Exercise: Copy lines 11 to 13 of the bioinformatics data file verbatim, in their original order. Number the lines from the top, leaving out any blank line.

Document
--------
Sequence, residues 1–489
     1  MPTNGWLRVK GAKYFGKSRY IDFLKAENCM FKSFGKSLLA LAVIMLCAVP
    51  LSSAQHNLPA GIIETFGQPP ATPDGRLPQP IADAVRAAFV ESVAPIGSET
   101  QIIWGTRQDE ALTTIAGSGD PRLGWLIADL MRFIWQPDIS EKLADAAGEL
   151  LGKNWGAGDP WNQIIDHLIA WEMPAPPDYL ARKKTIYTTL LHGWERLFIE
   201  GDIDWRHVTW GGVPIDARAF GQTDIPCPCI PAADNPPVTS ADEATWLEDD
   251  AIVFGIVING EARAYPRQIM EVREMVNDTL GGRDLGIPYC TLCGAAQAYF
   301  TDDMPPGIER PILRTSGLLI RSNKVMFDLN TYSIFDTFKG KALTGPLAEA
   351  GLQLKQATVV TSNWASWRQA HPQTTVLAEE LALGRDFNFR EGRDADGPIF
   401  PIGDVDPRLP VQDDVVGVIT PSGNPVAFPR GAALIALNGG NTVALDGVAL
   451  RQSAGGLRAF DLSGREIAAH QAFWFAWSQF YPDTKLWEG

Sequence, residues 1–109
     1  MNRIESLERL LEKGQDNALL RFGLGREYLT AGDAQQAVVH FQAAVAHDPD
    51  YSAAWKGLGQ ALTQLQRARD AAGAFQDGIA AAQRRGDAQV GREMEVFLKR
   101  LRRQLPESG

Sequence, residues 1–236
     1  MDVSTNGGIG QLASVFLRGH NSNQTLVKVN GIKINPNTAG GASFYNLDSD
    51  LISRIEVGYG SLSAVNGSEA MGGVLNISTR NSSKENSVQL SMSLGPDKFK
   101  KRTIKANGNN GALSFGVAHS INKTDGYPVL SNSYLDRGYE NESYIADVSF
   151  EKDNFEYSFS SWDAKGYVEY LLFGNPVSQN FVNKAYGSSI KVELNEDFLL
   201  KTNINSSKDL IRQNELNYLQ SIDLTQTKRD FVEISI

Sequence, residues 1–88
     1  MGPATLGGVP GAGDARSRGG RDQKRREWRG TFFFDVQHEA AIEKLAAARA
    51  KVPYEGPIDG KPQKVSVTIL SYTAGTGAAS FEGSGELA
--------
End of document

   451  RQSAGGLRAF DLSGREIAAH QAFWFAWSQF YPDTKLWEG

Sequence, residues 1–109
     1  MNRIESLERL LEKGQDNALL RFGLGREYLT AGDAQQAVVH FQAAVAHDPD